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Kubernetes Monitoring gathers metrics, logs, and events, and calculates costs for your infrastructure. It also provides recording rules, alerting rules, and allowlists.

How Kubernetes Monitoring works

Kubernetes Monitoring uses the following to provide its data and visualizations.

cAdvisor

cAdvisor (one per Node) is present on each Node in your Cluster, and emits container resource usage metrics such as CPU usage, memory usage, and disk usage. The Agent collects these metrics and sends them to Grafana Cloud.

Cluster events

Kubernetes Cluster controllers emit information about events concerning the lifecycle of Pods, deployments, and Nodes within the Cluster. The Agent pulls these Cluster events using the Kubernetes API server and converts them into log lines, then sends them to Loki in Grafana Cloud.

Grafana Agent

The Agent:

  • Collects all metrics, Cluster events, and Pod logs
  • Receives traces pushed from applications on Clusters
  • Sends the data to Grafana Cloud

kube-state-metrics

The kube-state-metrics service listens to Kubernetes API server events and exposes Prometheus metrics that document the state of your Cluster’s objects. Over a thousand different metrics provide the status, capacity, and health of individual containers, Pods, deployments, and other resources. Kubernetes Monitoring uses kube-state-metrics (one replica, by default) to enable you to see the links between Cluster, Node, Pod, and container.

kube-state-metrics:

  • Is a service that generates metrics from Kubernetes objects without modification, and is present on each Node
  • Emits metrics specific to the kubelet process, such as kubelet_running_pods and kubelet_running_container_count
  • Provides metrics on the state of objects in your Cluster (Pods, Deployments, DaemonSets)

The Kubernetes Monitoring Cluster navigation feature requires the following metrics:

  • kube_namespace_status_phase
  • container_cpu_usage_seconds_total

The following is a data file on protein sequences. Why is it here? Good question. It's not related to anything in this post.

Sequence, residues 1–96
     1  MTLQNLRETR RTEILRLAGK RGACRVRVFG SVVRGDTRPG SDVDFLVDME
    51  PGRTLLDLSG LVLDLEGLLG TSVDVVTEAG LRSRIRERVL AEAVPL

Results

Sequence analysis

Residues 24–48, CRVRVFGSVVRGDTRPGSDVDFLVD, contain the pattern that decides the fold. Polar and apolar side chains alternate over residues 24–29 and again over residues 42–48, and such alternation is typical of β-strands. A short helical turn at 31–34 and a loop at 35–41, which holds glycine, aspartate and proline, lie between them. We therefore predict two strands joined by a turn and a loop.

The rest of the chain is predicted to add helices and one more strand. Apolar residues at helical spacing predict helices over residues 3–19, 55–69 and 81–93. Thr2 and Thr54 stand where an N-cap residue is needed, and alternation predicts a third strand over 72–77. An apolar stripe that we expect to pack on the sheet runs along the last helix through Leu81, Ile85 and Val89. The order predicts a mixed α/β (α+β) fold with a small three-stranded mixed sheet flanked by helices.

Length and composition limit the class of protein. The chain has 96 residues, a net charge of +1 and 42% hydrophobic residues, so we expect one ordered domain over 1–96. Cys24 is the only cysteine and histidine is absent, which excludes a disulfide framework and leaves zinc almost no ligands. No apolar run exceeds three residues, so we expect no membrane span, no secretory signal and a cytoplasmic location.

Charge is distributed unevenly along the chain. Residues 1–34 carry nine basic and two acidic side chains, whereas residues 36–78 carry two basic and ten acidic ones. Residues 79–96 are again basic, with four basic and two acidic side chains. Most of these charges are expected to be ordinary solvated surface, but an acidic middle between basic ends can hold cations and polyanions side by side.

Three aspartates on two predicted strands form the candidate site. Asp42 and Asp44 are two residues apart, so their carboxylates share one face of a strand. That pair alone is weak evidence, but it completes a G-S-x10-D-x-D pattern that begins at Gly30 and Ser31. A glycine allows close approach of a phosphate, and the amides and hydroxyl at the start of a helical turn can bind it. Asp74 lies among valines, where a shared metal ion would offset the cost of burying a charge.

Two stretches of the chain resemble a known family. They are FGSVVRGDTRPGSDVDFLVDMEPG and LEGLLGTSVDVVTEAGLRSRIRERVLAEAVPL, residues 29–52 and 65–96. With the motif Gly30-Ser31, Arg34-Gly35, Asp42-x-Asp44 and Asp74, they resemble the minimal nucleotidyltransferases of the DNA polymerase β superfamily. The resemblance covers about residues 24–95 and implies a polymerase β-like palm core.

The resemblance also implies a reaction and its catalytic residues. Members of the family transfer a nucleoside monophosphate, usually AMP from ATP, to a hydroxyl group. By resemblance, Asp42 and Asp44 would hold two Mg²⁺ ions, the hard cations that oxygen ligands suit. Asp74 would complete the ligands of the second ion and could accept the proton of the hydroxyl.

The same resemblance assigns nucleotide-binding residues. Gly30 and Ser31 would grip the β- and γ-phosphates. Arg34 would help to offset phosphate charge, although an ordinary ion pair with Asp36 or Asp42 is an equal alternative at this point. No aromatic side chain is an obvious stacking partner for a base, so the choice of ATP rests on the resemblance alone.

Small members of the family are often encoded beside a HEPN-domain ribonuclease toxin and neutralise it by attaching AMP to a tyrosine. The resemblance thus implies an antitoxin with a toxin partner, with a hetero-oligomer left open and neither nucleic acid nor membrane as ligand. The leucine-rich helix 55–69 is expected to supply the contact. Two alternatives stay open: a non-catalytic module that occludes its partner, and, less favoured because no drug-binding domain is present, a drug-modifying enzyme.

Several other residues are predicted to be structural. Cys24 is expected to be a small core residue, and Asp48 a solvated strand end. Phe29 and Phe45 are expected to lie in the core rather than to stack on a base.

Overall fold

• kube_pod_status_phase
  • kube_pod_start_time
  • kube_pod_container_status_restarts_total
  • kube_pod_container_info
  • kube_pod_container_status_waiting_reason
  • kube_daemonset.+
  • kube_replicaset.+
  • kube_statefulset.+
  • kube_job.+
  • kube_node.+
  • kube_cluster.+
  • node_cpu_seconds_total
  • node_memory_MemAvailable_bytes
  • node_filesystem_size_bytes
  • node_namespace_pod_container
  • container_memory_working_set_bytes

kubelet

kubelet (one per Node):

  • Is the primary “Node agent” present on each Node in the Cluster
  • Emits metrics specific to the kubelet process like kubelet_running_pods and kubelet_running_container_count
  • Ensures containers are running
  • Provides metrics on Pods and their containers

Grafana Agent collects these metrics and sends them to Grafana Cloud.

Kubernetes mixins

Kubernetes Monitoring is heavily indebted to the open source kubernetes-mixin project, from which the dashboards, recording rules, and alerting rules are derived. We continue to contribute bug fixes and new features upstream.

Node Exporter

The Prometheus exporter node-exporter runs as a DaemonSet on the Cluster to:

  • Gather metrics on hardware and OS for Linux Nodes in the Cluster
  • Emit Prometheus metrics for the health and state of the Nodes in your Cluster

Grafana Agent collects these metrics and sends them to Grafana Cloud.

OpenCost

Kubernetes Monitoring uses OpenCost and Grafana’s experience in managing costs related to Kubernetes. For more details, refer to Manage costs.

Pod logs